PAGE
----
The inside of the Planner is just as well-crafted as its exterior, and features a plethora of additions and features. Inside, I found yearly and monthly calendars, daily pages, and a section at the back of the book devoted to, among other things, country code numbers, national holidays around the world, and a guide to sushi. I really like the way the dark, thin font looks on the creme paper - it’s calming and minimalistic, but dense and sophisticated at the same time. Little touches such as bi-daily quotes, ‘Coming Up!’ pages for the start of each month, and red-coloured Sunday fonts all add to the charm of the Planner, and further demonstrate just how detailed the designers of the Planner are.
The very page layout of the Hobonichi is something of a small wonder, especially if you’re used to blank notebook paper for scribbling down ideas. A dotted grid with margins allows for the Planner to be used as an instrument of precision, and for creating detailed and structured plans and schedules. The lines are still of a light grey colour, though, and are thus unobtrusive if using the Planner for artwork and the like.
The Hobonichi can accommodate many different forms of media and styles of planning or play. This is where I found its greatest strength: I used it to plan my day, to draw, to jot notes, to scribble, and to test pens. Many people that post in online Hobonichi communities use it for painting, while others use it to meticulously tweak their day’s schedule. I never would have guessed that people would use a daily planner for such a diverse array of activities.
I was also unaware of the benefits of having a notebook that has dates. While this may sound absurd, writing on a particular page intended to be written on for one day connotes a sense of structure, and allows me to look back on past Hobonichi entries as if they are a progression of my life.
The Hobonichi Planner does, however, suffer from a small, yet upsetting, flaw. Tomoe River Paper is smooth, creamy, and thin. It allows inks to behave well, without feathering or any other spreading. There is some bleeding, but it didn’t bother me. What I was surprised to find, though, was just how long it took for fountain pen inks to dry when using it. Some features of my handwriting, including dotted i’s and crossed t’s, were loathe to dry even hours after being written. Pencil marks were easy to smudge, as were entries by other pens. While Tomoe River Paper was smooth, I would have preferred to use a paper which did not have drying times that were so long.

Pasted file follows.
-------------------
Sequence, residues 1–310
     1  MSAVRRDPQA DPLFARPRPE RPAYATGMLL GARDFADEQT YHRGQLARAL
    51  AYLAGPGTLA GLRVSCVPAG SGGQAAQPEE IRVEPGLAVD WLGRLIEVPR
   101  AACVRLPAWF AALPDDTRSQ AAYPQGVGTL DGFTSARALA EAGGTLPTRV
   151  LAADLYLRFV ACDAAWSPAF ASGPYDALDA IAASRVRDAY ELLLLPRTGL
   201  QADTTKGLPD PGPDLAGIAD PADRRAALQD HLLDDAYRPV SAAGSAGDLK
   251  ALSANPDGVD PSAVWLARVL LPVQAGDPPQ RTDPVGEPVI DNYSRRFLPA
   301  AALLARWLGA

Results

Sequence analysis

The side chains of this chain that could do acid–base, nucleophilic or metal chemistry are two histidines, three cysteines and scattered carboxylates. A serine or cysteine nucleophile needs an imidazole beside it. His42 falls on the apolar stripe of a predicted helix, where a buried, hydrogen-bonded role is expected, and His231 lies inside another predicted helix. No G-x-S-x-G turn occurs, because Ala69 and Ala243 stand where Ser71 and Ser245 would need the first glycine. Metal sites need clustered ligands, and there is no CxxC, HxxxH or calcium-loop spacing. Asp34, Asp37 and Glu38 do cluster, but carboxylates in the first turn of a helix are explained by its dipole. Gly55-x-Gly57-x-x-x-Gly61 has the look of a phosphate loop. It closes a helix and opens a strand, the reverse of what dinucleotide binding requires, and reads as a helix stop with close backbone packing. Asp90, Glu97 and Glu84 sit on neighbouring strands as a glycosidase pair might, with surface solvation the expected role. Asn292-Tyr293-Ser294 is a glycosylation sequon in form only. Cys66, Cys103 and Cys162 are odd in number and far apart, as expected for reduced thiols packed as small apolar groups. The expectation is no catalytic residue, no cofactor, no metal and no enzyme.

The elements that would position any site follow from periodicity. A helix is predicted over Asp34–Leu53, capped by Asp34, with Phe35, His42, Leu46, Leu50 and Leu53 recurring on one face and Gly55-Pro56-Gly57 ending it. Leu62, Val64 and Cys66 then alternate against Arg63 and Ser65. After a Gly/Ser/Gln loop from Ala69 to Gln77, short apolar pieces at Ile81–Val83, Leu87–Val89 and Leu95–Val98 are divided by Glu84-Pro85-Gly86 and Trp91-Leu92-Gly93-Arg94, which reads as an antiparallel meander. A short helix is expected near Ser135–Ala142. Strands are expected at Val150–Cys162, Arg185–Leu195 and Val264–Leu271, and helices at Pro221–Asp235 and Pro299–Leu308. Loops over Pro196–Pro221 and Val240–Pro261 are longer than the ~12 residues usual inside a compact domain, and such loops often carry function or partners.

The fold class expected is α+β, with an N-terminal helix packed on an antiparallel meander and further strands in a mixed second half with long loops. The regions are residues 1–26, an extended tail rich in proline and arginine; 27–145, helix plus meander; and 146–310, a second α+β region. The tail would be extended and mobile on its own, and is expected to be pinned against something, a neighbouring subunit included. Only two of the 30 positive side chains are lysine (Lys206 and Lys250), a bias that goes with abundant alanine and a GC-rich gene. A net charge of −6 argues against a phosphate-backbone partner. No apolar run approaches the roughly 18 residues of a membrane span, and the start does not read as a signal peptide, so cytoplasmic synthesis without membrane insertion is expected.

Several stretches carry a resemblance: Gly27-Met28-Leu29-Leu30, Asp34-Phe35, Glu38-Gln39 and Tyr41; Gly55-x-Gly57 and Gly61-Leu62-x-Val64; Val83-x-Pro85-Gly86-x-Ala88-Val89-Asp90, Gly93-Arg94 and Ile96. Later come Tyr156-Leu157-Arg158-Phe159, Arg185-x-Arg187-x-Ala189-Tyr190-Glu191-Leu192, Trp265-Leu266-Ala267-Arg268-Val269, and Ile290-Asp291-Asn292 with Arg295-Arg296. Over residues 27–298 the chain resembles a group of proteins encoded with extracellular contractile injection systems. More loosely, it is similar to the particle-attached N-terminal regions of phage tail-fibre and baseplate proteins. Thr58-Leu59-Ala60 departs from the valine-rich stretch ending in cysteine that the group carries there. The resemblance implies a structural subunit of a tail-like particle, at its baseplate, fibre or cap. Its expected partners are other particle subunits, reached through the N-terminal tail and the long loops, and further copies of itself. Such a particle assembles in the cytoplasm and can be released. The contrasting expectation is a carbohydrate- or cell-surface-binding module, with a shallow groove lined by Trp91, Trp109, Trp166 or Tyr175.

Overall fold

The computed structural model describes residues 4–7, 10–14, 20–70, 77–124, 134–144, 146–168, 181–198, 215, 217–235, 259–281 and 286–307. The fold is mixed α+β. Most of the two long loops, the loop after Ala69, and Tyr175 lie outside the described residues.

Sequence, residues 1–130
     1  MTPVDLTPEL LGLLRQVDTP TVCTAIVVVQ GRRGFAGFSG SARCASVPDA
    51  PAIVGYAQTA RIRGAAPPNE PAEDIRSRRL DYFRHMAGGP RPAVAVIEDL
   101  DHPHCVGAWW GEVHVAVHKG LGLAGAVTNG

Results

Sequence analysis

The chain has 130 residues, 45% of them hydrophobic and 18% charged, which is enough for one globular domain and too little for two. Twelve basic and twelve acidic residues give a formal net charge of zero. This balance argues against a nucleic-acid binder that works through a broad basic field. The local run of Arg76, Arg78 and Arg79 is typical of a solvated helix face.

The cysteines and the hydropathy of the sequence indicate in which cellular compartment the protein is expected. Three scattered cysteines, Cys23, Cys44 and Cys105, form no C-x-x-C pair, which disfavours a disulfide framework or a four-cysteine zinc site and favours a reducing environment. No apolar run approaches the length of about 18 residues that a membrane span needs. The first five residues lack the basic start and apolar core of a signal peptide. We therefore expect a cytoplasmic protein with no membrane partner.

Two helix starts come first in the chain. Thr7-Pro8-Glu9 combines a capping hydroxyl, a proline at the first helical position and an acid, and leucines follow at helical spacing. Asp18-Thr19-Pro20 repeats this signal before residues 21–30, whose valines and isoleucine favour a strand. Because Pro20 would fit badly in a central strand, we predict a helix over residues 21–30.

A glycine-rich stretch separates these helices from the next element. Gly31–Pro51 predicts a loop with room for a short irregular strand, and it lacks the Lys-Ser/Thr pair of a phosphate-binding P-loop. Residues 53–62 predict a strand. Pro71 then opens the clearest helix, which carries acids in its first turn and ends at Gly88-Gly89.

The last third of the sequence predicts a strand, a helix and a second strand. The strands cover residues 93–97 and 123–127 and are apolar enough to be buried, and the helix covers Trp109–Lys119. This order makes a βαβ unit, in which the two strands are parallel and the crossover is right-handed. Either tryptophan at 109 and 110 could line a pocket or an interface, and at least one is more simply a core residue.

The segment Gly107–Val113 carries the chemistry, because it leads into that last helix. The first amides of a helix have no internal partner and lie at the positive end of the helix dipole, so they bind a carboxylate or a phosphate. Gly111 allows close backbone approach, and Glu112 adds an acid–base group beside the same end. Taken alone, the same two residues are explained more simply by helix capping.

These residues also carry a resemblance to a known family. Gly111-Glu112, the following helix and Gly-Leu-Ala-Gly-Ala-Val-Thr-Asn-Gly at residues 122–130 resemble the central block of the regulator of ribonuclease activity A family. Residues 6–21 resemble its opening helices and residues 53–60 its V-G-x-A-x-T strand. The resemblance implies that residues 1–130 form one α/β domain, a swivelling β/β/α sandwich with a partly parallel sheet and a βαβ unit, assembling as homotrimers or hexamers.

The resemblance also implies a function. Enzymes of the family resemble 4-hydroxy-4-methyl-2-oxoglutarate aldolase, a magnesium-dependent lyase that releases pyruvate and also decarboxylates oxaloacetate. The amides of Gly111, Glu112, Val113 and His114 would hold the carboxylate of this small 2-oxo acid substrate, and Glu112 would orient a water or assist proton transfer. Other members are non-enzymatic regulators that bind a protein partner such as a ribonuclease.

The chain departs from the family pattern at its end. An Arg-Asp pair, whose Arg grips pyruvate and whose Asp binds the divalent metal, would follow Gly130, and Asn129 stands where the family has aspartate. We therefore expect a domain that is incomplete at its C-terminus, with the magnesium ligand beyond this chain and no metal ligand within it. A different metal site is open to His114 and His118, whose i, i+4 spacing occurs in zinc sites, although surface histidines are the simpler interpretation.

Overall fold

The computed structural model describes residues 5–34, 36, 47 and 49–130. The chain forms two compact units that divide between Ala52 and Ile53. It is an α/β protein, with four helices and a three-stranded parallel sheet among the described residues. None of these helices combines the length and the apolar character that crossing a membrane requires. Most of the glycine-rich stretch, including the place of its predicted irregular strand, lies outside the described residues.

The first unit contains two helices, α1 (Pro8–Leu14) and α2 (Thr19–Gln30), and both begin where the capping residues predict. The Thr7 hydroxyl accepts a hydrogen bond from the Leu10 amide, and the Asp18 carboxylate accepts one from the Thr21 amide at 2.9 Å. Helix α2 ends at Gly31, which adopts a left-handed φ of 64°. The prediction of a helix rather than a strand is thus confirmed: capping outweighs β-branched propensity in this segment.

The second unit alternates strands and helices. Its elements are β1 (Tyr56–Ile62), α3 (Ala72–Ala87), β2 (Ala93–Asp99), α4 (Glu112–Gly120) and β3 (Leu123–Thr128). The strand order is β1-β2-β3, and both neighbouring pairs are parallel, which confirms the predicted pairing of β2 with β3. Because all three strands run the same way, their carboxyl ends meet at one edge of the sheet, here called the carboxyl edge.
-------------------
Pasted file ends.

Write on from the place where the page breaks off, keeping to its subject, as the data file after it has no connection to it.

Ultimately, the Hobonichi Planner amazed me. Its benefits are subtle, and it is meant to be used daily. The Planner is thoughtfully designed, able to be employed for a multitude of tasks, and a pleasure to use. The more I used, the more I started to appreciate it, and to feel that it truly belonged to me. It truly does exemplify the Japanese concept of ‘Yo no bi’ - or ‘beauty through use’. If I could change anything about the Planner in its current incarnation, I would seek to reduce the drying time of the paper, and perhaps allow for a smaller, pocket-friendly version to be purchased. The Hobonichi Planner continually and near-constantly met or exceeded my expectations. I think that there are a few staples for fountain pen collectors to consider trying, if not owning. These include a Lamy Safari, a good black or blue ink, and a competent notebook. If you are looking for a daily planner, and are tired of using a typical agenda, the Hobonichi Planner may very well be able to join said stationery pantheon.